|Title||Transpersonal genetic effects among older U.S. couples: A longitudinal study|
|Publication Type||Journal Article|
|Year of Publication||2019|
|Journal||The Journals of Gerontology: Series B|
|Keywords||Couples, genes, Genetics|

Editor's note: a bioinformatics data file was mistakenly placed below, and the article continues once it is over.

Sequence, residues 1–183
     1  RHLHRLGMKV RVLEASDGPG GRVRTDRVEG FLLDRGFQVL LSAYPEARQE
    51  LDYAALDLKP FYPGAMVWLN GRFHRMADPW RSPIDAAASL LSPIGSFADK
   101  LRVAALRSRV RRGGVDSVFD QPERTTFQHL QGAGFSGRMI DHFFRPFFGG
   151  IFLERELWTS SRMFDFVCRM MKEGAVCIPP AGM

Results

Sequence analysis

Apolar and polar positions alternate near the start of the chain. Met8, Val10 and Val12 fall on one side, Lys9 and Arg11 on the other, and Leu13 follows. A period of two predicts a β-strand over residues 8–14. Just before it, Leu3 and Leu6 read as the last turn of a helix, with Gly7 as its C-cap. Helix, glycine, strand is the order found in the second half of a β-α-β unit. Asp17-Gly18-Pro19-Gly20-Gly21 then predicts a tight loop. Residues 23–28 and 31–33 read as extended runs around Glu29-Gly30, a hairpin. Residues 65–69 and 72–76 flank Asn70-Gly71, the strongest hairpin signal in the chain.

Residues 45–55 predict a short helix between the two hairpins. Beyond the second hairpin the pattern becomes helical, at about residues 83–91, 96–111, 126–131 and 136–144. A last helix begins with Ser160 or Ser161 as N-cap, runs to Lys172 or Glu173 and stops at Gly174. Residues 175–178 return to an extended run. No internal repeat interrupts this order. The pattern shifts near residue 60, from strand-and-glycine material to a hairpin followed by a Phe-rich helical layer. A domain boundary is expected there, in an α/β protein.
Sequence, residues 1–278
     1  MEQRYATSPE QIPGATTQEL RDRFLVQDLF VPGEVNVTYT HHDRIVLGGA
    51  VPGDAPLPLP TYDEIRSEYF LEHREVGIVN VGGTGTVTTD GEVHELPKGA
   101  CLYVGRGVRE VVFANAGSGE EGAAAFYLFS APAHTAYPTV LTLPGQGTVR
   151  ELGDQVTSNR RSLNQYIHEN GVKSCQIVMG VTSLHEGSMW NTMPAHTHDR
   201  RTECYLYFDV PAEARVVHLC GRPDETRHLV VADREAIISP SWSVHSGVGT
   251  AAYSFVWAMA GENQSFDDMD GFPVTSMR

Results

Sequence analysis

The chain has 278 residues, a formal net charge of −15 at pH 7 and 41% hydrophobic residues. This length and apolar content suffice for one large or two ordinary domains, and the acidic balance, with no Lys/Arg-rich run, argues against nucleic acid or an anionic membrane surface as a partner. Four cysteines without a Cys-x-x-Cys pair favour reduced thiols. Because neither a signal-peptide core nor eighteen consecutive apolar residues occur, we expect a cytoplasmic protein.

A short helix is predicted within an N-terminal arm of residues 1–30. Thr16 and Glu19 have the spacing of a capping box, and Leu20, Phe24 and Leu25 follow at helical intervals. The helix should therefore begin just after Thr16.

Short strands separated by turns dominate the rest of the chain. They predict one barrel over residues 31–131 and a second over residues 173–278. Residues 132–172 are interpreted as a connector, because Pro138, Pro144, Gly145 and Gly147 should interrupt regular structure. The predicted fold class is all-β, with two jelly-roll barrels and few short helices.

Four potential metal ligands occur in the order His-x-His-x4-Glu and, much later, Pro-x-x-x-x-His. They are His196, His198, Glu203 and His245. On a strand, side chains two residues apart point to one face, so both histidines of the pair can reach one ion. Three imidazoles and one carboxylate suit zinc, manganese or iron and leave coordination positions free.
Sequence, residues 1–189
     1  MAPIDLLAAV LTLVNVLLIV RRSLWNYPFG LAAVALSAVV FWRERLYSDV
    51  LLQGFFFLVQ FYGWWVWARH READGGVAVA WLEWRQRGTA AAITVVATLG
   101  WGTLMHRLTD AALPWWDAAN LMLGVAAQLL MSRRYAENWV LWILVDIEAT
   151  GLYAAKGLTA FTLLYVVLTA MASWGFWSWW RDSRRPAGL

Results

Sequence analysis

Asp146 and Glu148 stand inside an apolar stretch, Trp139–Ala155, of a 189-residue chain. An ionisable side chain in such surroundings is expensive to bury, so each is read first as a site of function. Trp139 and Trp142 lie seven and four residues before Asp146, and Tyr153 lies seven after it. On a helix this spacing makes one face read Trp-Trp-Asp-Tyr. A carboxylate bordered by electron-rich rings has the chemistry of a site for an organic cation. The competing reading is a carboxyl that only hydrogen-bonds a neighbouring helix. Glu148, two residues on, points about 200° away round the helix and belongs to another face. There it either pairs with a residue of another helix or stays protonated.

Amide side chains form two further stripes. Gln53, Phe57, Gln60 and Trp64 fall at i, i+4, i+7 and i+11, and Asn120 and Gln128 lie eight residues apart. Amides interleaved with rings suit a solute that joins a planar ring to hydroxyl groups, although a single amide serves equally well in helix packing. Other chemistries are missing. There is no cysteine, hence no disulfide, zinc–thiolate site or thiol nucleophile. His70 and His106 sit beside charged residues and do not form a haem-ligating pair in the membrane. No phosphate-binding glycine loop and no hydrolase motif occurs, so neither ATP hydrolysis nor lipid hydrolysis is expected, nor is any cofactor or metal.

Emerging social genetics research suggests one’s genes may influence not just one’s own outcomes but those of close social alters. Health implications, particularly in late life, remain underexplored. Using combined genetic and survey data, this study examined such transpersonal genetic associations among older U.S. couples.Data were from married or cohabiting couples in the 2006-2016 waves of the Health and Retirement Study, nationally representative of U.S. adults over 50. Measures included a polygenic score for educational attainment, and self rated health. Analysis was through parallel process latent growth models.Women’s as well as men’s genetic scores for education had transpersonal linkages with their partner’s health. Such associations were solely with life course variations and not late life change in outcomes. Moreover, they were indirect, mediated by educational attainment itself. Evidence also emerged for individual-level genetic effects mediated by the partner’s education.In addition to the subject-specific linkages emphasized in extant genetics literature, relational contexts involve multiple transpersonal genetic associations. These appear to have consequences for a partner’s as well as one’s own health. Life course theory indicates that a person is never not embedded in such contexts, suggesting that these patterns may be widespread. Research is needed on their implications for the life course as well as gene-environment correlation literatures.